It is said of Hannibal that he won every battle but lost the war. The same has been claimed for other historical conflicts with more or less justification: the American conflict in Vietnam, the campaigns of Gustav Adolf den Store of Sweden, and even that Pyrrhus of Epirus from whose name the very phrase “Pyrrhic victory” comes.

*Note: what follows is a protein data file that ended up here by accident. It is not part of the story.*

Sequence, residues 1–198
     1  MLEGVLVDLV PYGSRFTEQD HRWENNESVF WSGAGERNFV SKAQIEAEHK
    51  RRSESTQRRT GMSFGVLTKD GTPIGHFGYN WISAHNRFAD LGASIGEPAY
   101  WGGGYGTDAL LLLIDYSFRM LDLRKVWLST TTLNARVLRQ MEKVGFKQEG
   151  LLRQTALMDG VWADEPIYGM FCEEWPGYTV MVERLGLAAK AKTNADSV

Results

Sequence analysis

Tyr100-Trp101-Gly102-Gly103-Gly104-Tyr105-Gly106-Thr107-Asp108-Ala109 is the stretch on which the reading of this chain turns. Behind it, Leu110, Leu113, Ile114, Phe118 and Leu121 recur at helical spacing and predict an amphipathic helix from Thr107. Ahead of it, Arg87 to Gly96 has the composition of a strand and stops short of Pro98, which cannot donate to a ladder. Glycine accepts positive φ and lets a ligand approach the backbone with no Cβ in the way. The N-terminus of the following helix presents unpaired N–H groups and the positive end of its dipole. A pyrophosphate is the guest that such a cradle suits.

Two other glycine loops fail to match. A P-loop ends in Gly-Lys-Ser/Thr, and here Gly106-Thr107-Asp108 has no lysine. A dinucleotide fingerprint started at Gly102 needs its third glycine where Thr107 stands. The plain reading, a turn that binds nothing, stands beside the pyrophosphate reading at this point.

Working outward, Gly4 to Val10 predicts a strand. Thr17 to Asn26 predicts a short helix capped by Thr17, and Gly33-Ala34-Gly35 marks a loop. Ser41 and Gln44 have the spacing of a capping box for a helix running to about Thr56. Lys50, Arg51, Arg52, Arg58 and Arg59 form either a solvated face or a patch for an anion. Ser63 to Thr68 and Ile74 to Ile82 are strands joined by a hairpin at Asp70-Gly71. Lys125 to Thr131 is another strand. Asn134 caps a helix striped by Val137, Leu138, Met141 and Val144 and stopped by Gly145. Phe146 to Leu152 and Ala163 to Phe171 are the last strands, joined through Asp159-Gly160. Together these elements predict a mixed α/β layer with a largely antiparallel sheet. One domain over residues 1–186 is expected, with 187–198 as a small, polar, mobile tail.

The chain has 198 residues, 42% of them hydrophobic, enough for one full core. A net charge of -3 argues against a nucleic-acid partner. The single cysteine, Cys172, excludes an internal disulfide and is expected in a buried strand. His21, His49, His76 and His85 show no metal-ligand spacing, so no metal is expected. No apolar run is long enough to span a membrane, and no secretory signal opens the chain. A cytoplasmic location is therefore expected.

But how is this possible? Is war not, more or less, a succession of battles which creates a metaphoric path over which the winner ascends to eventual victory?
As it happens, it is — and then again, it isn’t. Continue reading